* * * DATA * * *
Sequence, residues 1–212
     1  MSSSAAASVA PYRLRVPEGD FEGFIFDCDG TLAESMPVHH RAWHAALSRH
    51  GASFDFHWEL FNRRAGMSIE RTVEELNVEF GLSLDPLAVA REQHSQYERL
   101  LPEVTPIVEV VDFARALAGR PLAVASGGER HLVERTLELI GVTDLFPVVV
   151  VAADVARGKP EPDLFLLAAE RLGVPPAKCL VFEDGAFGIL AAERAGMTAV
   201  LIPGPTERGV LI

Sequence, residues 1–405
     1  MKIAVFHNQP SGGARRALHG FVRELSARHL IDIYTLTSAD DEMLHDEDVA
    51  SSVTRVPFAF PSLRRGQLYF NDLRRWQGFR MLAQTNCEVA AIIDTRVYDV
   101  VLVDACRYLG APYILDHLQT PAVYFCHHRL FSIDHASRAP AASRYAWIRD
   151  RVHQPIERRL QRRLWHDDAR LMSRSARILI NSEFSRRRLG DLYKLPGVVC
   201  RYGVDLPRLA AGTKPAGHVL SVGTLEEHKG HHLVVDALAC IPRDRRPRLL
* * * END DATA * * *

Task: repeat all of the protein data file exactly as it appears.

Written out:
Sequence, residues 1–212
     1  MSSSAAASVA PYRLRVPEGD FEGFIFDCDG TLAESMPVHH RAWHAALSRH
    51  GASFDFHWEL FNRRAGMSIE RTVEELNVEF GLSLDPLAVA REQHSQYERL
   101  LPEVTPIVEV VDFARALAGR PLAVASGGER HLVERTLELI GVTDLFPVVV
   151  VAADVARGKP EPDLFLLAAE RLGVPPAKCL VFEDGAFGIL AAERAGMTAV
   201  LIPGPTERGV LI

Sequence, residues 1–405
     1  MKIAVFHNQP SGGARRALHG FVRELSARHL IDIYTLTSAD DEMLHDEDVA
    51  SSVTRVPFAF PSLRRGQLYF NDLRRWQGFR MLAQTNCEVA AIIDTRVYDV
   101  VLVDACRYLG APYILDHLQT PAVYFCHHRL FSIDHASRAP AASRYAWIRD
   151  RVHQPIERRL QRRLWHDDAR LMSRSARILI NSEFSRRRLG DLYKLPGVVC
   201  RYGVDLPRLA AGTKPAGHVL SVGTLEEHKG HHLVVDALAC IPRDRRPRLL